Infectious disease is a major threat to human health worldwide. The emergence of antibiotic resistance pathogens necessitates the development of new drugs to treat infection. A fundamental challenge in developing antibiotics is that many pathogens replicate inside host cells rendering them inaccessible to antimicrobial agents. Critical processes for pathogen growth in host cells represent the most promising new targets for therapeutic intervention. Thus, a systematic strategy to identify virulence mechanisms central to establishing growth within the host cell and avoiding killing by host defenses is paramount for defining new targets for therapeutic intervention. Through specialized secretion systems, many intracellular pathogens deploy an arsenal of proteins termed effectors that modulate numerous host cell processes to establish growth. Loss of function of the secretion machinery restricts pathogen survival and replication demonstrating a critical role for effectors in disease. Despite the importance of effectors, very little is known about the events that determine when individual effectors are deployed or their individual contributions during infection. This can largely be attributed to the inability to monitor effector populations in host cells due to low endogenous levels that are undetectable by standard biochemical techniques and redundancy amongst effectors whereby loss of any individual effector does not result in a discernible phenotype. Innovative approaches that overcome the limitations of classic genetic and biochemical approaches are necessary to further our understanding of effector-mediated virulence mechanisms employed by pathogens. BioID is a powerful biochemical technique used to define protein-protein interactions. The goal of the proposed research is to adapt BioID to examine the interactions of bacterial virulence proteins in the context of an infection. Using Legionella pathogenesis as a model system, we will apply this technology to define molecular events central to effector translocation, targeting and function. Our BioID-based experimental system will allow several key questions central to the infection process to be addressed that cannot be resolved using currently available methodologies: 1) What are the host targets of individual effectors? 2) How are effectors distributed once they enter the host cell? 3) When are individual effectors secreted and into which host cell types? 4) What are the signals that trigger effectors selection for secretion? Once established, this technology will be broadly applicable to the study of a variety of pathogenic microorganisms and provide a foundation for defining critical events in disease that is crucial to developing new strategies for therapeutic intervention.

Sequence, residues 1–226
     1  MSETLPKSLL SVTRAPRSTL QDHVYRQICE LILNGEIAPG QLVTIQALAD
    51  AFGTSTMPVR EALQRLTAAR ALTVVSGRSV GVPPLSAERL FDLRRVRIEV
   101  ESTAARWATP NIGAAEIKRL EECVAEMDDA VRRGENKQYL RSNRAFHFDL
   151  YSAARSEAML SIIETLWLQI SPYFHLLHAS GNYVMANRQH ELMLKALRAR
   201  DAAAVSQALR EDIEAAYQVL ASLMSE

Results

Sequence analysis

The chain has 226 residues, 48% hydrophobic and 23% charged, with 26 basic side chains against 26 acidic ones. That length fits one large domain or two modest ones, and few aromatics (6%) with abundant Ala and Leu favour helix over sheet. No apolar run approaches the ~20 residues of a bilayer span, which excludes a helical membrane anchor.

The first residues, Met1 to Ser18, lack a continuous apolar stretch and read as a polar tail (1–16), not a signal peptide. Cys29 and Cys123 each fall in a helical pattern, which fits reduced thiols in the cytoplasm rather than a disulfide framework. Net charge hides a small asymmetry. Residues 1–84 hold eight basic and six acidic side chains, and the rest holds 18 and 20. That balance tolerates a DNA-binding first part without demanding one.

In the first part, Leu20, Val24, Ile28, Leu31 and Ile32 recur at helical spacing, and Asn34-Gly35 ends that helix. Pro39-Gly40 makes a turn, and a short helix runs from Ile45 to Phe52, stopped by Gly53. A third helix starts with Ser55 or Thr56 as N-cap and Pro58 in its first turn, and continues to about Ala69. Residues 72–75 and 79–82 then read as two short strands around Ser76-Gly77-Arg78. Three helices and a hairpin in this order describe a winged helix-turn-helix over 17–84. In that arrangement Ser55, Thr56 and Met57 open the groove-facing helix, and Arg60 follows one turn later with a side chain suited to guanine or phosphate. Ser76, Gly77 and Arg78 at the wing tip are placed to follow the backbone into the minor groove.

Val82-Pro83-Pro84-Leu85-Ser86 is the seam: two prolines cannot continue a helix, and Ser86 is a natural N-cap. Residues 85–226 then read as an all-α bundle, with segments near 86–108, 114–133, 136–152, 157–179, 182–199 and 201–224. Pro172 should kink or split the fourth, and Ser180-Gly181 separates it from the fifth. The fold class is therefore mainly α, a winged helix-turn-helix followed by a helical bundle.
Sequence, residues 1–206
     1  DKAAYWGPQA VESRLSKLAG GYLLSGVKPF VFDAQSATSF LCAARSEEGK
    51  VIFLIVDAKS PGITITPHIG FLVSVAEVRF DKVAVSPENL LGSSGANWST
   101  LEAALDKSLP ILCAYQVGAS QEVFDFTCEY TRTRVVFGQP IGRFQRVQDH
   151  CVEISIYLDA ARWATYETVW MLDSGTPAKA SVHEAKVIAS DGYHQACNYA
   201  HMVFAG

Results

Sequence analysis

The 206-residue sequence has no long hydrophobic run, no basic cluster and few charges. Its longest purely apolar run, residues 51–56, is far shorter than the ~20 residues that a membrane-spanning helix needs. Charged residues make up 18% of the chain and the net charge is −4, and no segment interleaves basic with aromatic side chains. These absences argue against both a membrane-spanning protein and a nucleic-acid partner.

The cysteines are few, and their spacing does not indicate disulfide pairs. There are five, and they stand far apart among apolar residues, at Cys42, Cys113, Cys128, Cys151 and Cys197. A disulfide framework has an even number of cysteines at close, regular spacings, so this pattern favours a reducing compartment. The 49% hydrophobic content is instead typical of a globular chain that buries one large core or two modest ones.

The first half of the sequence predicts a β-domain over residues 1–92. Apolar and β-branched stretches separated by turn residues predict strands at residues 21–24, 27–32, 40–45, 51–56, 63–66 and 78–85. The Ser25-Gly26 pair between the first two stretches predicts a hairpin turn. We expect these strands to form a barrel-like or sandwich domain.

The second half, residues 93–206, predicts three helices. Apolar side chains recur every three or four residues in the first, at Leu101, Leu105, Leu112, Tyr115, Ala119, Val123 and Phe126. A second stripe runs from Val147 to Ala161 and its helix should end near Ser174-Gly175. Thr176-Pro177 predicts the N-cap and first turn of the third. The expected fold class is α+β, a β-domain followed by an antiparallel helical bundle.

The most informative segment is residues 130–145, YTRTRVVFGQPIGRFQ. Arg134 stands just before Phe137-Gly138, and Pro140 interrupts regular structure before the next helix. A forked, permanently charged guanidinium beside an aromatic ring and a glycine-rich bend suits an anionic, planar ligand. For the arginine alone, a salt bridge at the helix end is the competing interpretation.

Public Health Relevance

Bacterial pathogens pose a serious threat to human health. Pathogenic bacteria secrete virulence factors that promote their growth within the host and prevent eradication by host defenses. These virulence factors are a major determinant in the outcome of an infection. The goal of this research is to develop new technology to understand the roles of these proteins in disease that will lead to novel strategies for therapeutic intervention.

Agency
National Institute of Health (NIH)
Institute
National Institute of Allergy and Infectious Diseases (NIAID)
Type
Exploratory/Developmental Grants (R21)
Project #
5R21AI125810-02
Application #
9415396
Study Section
Special Emphasis Panel (ZRG1)
Program Officer
Ernst, Nancy L
Project Start
2017-01-23
Project End
2018-12-31
Budget Start
2018-01-01
Budget End
2018-12-31
Support Year
2
Fiscal Year
2018
Total Cost
Indirect Cost
Name
Johns Hopkins University
Department
Biochemistry
Type
Schools of Medicine
DUNS #
001910777
City
Baltimore
State
MD
Country
United States
Zip Code
21205